travis jeffery


Modern grep

We read a lot more code than we write, and more often than not we have some notion of what we’re looking for. There have been many programs and algorithms developed in-order to enhance our ability to find text and be productive, but really the giant whose usage has been strong from its inception in 1973 till today is grep.

grep is an essential tool to know, but unfortunately it has not kept up with the times in terms of its usage in respect to how we build and version our applications. For example, the majority of data contained within the folder of a git repo are unreadable binary large objects. It doesn’t make sense to search these files but grep doesn’t know this, a more recent program called ack does.

On average, a search by a newbie ack user will be faster than the same search by a newbie grep user. This is because ack conveniently ignores folders and files you probably don’t want to be searched, these ignored folders include .git, the folder that git uses as a database for your repository.

I feel the need…the need for speed!

grep can also exclude searching directories, including .git, to increase its speed remarkedly:

grep --exclude-dir=.git

This can be tremendous boon for speeding up searches, I did two uncached searches in rails’s repo:

grep -r "class << self" .

grep -rIPs --exclude-dir=.[a-zA-Z0-9]* --exclude=.* --exclude=*~ "class << self" .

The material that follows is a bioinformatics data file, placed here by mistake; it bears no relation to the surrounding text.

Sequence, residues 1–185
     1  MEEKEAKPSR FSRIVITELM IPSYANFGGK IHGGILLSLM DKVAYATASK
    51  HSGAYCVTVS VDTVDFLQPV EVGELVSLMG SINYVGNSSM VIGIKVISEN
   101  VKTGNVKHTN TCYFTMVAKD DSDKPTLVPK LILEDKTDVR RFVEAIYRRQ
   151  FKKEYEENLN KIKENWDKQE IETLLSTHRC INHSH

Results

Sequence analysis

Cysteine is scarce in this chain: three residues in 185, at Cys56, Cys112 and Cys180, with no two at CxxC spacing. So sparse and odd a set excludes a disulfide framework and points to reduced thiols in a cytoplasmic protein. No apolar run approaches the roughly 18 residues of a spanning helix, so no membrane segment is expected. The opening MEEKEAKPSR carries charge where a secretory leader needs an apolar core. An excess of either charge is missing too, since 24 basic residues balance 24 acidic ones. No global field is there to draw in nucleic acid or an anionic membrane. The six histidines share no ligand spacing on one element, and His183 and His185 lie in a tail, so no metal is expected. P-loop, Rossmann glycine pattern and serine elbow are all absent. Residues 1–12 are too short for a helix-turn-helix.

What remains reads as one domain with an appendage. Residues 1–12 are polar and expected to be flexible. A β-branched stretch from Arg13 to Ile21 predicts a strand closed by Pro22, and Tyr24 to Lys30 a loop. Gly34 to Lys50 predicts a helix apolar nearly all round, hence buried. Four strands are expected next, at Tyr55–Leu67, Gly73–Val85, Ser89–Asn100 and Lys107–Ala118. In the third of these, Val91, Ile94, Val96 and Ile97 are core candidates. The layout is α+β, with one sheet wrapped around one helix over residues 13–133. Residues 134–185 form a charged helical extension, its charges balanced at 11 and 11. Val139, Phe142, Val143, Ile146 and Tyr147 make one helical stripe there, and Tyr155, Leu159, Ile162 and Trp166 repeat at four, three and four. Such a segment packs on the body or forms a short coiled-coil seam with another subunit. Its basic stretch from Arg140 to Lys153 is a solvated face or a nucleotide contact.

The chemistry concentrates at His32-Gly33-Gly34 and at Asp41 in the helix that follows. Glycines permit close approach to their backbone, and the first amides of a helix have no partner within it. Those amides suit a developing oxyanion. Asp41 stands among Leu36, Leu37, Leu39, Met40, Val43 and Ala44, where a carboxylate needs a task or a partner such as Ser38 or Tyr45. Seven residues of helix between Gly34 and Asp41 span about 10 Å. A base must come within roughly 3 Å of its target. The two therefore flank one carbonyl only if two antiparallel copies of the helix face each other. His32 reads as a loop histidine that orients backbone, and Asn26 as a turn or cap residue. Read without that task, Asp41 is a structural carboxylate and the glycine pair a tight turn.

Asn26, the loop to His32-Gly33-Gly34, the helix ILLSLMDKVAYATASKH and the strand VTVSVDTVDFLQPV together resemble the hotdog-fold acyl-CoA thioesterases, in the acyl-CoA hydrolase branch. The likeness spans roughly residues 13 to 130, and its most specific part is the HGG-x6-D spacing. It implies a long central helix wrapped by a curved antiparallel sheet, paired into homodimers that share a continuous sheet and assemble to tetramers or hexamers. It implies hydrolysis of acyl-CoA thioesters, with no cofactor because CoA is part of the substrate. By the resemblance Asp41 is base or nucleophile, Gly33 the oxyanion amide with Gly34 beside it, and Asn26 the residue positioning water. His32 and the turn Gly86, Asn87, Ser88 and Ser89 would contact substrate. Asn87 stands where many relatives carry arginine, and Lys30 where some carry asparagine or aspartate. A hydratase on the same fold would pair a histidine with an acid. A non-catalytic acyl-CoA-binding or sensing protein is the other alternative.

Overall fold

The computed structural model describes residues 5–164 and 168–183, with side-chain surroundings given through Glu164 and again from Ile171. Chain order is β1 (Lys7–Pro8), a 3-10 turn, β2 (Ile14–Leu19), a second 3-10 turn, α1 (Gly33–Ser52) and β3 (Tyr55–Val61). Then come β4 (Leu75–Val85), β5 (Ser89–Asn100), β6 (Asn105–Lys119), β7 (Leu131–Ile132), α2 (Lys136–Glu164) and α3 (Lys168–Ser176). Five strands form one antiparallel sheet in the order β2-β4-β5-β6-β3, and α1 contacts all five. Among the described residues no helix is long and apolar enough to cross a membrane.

With the former, non-excluding grep search I had a time of 6.009s and with the latter, excluding grep search 2.235s. In general the speed increase is in the range of 2-3x faster.

Another benefit to using ack is being able to use the widely known and copied Perl regular expressions rather than the older and now less known POSIX regular expressions.

For example, let’s say we want to match phone numbers and capture the area code:

Here it is in a Perl regular expression:

(\d{3})-\d{3}-\d{4}

And the equivalent POSIX:

\([0-9]\{3\}\)-[0-9]\{3\}-[0-9]\{4\}

Thankfully, you can actually use Perl regular expressions with grep, by giving either a -P or --perl-regexp argument.

grep -P "(\d{3})-\d{3}-\d{4}"

To configure grep such that you don’t need to call grep with these arguments each time, you can set the shell variable GREP_OPTIONS by putting into your .zshrc or .bashrc:

export GREP_OPTIONS='-rIPs --exclude-dir=.[a-zA-Z0-9]* --exclude=.* --exclude=*~ --color=auto'

The biggest downfall with grep vs. ack that really can’t be fixed by arguments, is how ack nicely organizes its output, also neither integrates with git…

git users should check out my post on searching repos with git grep! I show how you can have the best of both grep and ack!

Sources and further reading

  • why GNU grep is fast
  • History of grep (including Ken Thompson’s inspiration for the name: ed’s g/re/p — similar to the :g/re/p Vim user’s have today!)
  • you will need grep version >= 2.5.3 to use --exclude-dir